Cinema Addict - 1097 Rankings
Member Since: Jul 7, 2014
Bio: I love film and rate according to genre and/or a director's body of work.
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|65 T6||At the Circus (1939) - Aug 23, 2017
"It's well accepted that A.T.C is not prime Marx Brothers, marking the beginning of their decline. The script is clearly inferior material, and Buzzell lacks Woods' sense of comic timing, which reduces the potential of already fine scenes like the humorous badge exchange. The young lovers are milquetoast and a gorilla really has no place in their films. On the plus side, the scene in the midget's house is hilarious, and Groucho's performance of Lydia The Tattooed Lady is rightly revered."
|80 T9||Certified Copy (2010) - Aug 20, 2017
"(Viewed on 15/02/13): With shades of Voyage To Italy and Last Year At Marienbad, Certified Copy does give the initial impression of a conventional European art film box ticking exercise, but its thematic concerns regarding truth and the problem of representation are deeply embedded and connect it to many of Kiarostami's key works. Binoche once again demonstrates that she is arguably the best actress on the planet, and the elegant enigma at its core slowly unfurls in tantalising waves."
|83 T10||The Gospel According to St. Matthew (1964) - Aug 20, 2017
"(Viewed on 22/04/14): "
|93 T10||Au hasard Balthazar (1966) - Aug 20, 2017
"Has there ever been a more moving death scene in film history? I doubt it. The devastating emotional impact of Bresson's masterpiece resists the often stultifying effects of canonization which enables A.H.B to transcend being a museum piece that you watch out of obligation. No other film explores the depths of human cruelty with such compassion and clarity, and his stark view of the world finds its most profound expression in this story of a helpless donkey's mistreatment. Essential."
|58 T4||Minnâ-yatteruka! (1995) - Aug 20, 2017
"(Viewed on 22/12/10): It's well established that comedy doesn't travel as well as other genres. Asian comedies often strike Westerners as being downright weird, and M-y certainly fits the bill. It's a virtually plotless episodic sexcapade that satirizes courtship rituals in modern Japan and contains a countless number of references to Japanese popular culture which mostly eluded this viewer. It's better than his other comedies thanks to a handful of outrageous scenes and bizarre sight gags."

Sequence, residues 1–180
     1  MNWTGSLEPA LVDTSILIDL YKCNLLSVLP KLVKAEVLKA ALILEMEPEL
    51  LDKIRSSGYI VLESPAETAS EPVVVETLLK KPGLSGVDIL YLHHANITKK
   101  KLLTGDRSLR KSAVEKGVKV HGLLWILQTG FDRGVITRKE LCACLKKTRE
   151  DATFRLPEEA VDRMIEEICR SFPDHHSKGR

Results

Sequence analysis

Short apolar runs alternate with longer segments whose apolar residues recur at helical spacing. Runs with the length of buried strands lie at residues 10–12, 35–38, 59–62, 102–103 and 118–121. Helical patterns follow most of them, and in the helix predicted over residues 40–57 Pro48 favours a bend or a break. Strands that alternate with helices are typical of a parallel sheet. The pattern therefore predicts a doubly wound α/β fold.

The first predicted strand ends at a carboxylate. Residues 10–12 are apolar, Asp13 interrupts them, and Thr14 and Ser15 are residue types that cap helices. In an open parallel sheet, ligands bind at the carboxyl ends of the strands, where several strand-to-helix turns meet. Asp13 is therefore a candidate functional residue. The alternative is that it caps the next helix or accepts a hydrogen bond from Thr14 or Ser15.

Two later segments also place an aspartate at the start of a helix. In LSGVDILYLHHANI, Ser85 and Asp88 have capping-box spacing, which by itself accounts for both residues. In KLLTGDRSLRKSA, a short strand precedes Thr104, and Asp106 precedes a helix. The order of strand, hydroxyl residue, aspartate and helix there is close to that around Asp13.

|88 T10||Stalker (1979) - Aug 19, 2017
"Tarkovsky's use of longshots have a deeply hypnotic effect, creating a singular aesthetic universe that's richly atmospheric and mysterious with a hint of the miraculous. Stalker's stunning delapidated setting reflects intense psychological states, and there are three masterful scenes that are impossible to shake: the long ride to the Zone, a walk through a dimly lit tunnel, and the partial reveal of the room. The innovative sound design evocatively blurs the line between nature and industry."
|60 T4||Teorema (1968) - Aug 19, 2017
"(28/06/11): Teorema is formally less 'naturalistic' than usual, with Pasolini adopting a more conventional 'arthouse' style that was somewhat typical in the post-L'avventura film world of the late 60's. Nonetheless, he creates a few memorable scenes, especially involving Stamp as the mysterious seducer turning a wealthy family's life upside down. It's as subtle as a sledgehammer and probably should have been a comedy, but it's an interesting, if obviously dated, bourgeois bash."
|80 T9||Accattone (1961) - Aug 19, 2017
"(Viewed on 19/05/13): If you want to see where Scorsese got the idea to film Raging Bull as an operatic tragedy about a complete asshole, look no further than Accattone, but unlike LaMotta, Accattone is framed as a victim of his miserable economic circumstances, forcing him to lead a life that's less than noble. Citti is superb as Accattone, eliciting both disgust and sympathy in a difficult role, and it was a fine debut from Pasolini that is superior to his largely overrated late color works."
|73 T7||The Hawks and the Sparrows (1966) - Aug 19, 2017
"(Viewed on 1/06/13): Supposedly Pasolini didn't intend to make a 'real' comedy, which is just odd given the casting of Toto and the sheer amount of slapstick gags. But Pasolini was a contrarian and a bit of a weirdo, so it's probably best to disregard his words and appreciate it for what it is: a daring digression from the norm that merges Fellini, Chaplin, Keaton and Marx into one wildly irreverent whole. Not all of the scenes work, but Toto and Davoli's exuberance makes it worthwhile."
|65 T6||Room Service (1938) - Aug 19, 2017
"R.S is one of the least regarded Marx Brothers' films and it's largely due to it being an adaptation of material not written for them, in addition to being too restricted in terms of its general staging, which was a big step down after their lavish MGM productions containing multiple dynamic locations. The action is limited to a hotel room, and it lacks the frenetic pacing of their Universal films to get away with such a skeletal setting. There are several funny moments but no classic ones."